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Namibian Truck drivers sent home for now

Namibian Truck drivers sent home for now

Eba Kandovazu

THE current national strike by the South African National Truck Drivers’ Foundation against the employment of foreign truck drivers and the transporting of good in that country has prompted Namibian truck organisations to send their drivers home until the situation is resolved.
The South African truck drivers have blocked entry points for any foreign truck drivers.
According to the Managing Director of Scania Namibia, Clifford Marehbank, the company has in the meantime called off its operations to South Africa for the safety of its employees. The strike, he says, will not only affect the company’s livelihood but also Namibia’s economy at large because of the reduced income.

CRITICAL: The strike by South African truck drivers, closing off entry in that country. – Photo: Contributed

“This will unfortunately affect us as it means a slower income and as a result impacts the country’s economy. What the South Africans are doing is not only crazy but preposterous. We are all working hard for our families and we’re all equally affected by the economic crisis. South African trucks also come here but we do not burn their trucks as they are currently doing. This is extremely unfair and a big loss to the transport industry,” Marehbank maintained.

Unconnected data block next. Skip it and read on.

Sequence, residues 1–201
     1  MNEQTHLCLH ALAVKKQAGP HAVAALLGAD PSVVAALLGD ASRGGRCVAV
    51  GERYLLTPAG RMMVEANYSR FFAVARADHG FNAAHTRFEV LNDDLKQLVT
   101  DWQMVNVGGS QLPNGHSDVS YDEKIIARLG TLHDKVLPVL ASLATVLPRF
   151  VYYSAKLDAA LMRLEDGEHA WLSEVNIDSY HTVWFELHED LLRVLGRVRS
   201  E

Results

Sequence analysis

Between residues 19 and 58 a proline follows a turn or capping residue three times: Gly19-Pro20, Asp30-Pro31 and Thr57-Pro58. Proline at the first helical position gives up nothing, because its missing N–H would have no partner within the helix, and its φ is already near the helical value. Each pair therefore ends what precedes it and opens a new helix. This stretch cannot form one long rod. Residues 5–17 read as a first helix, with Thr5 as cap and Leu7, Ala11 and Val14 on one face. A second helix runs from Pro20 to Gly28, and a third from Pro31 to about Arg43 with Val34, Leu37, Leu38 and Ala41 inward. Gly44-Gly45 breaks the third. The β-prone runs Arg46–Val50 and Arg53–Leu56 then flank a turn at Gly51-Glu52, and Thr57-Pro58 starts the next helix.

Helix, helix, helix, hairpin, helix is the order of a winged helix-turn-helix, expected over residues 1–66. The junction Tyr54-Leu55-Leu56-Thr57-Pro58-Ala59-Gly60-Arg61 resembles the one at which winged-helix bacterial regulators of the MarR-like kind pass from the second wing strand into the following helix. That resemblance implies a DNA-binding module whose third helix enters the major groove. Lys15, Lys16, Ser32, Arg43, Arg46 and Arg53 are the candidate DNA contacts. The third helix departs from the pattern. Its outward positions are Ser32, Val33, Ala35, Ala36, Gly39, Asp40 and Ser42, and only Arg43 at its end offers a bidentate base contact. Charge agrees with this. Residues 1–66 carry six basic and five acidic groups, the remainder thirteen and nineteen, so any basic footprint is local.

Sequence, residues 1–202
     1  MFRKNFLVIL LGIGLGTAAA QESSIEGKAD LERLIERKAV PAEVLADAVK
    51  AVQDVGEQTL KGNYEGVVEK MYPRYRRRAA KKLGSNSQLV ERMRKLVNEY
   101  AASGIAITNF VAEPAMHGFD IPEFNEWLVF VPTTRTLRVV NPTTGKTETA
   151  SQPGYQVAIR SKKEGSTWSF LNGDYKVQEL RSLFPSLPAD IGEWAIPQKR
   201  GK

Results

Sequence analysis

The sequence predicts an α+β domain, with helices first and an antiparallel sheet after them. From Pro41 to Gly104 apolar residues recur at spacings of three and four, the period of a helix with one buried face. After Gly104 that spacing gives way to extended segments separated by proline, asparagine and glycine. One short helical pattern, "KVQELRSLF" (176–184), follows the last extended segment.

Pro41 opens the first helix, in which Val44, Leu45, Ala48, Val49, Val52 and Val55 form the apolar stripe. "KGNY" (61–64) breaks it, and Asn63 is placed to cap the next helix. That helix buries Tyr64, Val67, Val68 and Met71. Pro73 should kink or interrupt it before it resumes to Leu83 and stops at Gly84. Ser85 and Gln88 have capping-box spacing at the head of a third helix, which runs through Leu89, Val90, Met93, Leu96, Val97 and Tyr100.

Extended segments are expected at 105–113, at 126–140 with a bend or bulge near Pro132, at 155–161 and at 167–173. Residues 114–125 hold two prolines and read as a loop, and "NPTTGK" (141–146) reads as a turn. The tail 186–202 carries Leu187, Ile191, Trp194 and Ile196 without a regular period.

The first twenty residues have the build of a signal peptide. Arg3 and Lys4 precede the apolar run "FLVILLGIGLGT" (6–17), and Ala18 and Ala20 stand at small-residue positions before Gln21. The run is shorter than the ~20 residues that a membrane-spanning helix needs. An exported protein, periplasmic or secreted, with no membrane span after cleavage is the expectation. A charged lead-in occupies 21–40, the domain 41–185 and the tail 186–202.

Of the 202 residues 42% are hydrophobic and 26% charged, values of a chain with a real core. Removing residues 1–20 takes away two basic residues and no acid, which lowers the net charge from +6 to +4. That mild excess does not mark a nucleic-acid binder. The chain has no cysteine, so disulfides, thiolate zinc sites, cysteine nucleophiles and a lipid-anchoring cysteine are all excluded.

He stressed disappointment in the South African government for doing nothing about the looting and burning that is ongoing. He also expressed concern on the Namibian government’s silence on the issue.
“These xenophobic attacks have been going on for months and nothing has been done about it and it is a shame,” Marehbank said.
While the Zambian government issued a stern warning to its truck drivers to avoid traveling to South Africa, Namibia, through the ministry of international relations, has to date not issued a statement on the matter.
The FP Du Toit Transport Chief Transport Officer, Heinch Schmidt, said that their company, on the other hand, has not put its operations on hold amidst the strike.
“We are operating as normal and are not affected as we have communication with the police that side. We also have operators in Johannesburg who monitor and keep 24-hour contact with our employees and we know exactly what is happening to them, where and when. The strike is, however, a blow to the SADC community as it affects all of us economically,” Schmidt said.
The company’s control rooms, he said, stay in contact with police officers on the right routes.
Media reports in South Africa have it that at least 20 people have been arrested in Durban in connection with the truck strike. They face charges of attempted murder and malicious damage to property. The drivers in different provinces have resorted to the torching and looting foreign-owned trucks.

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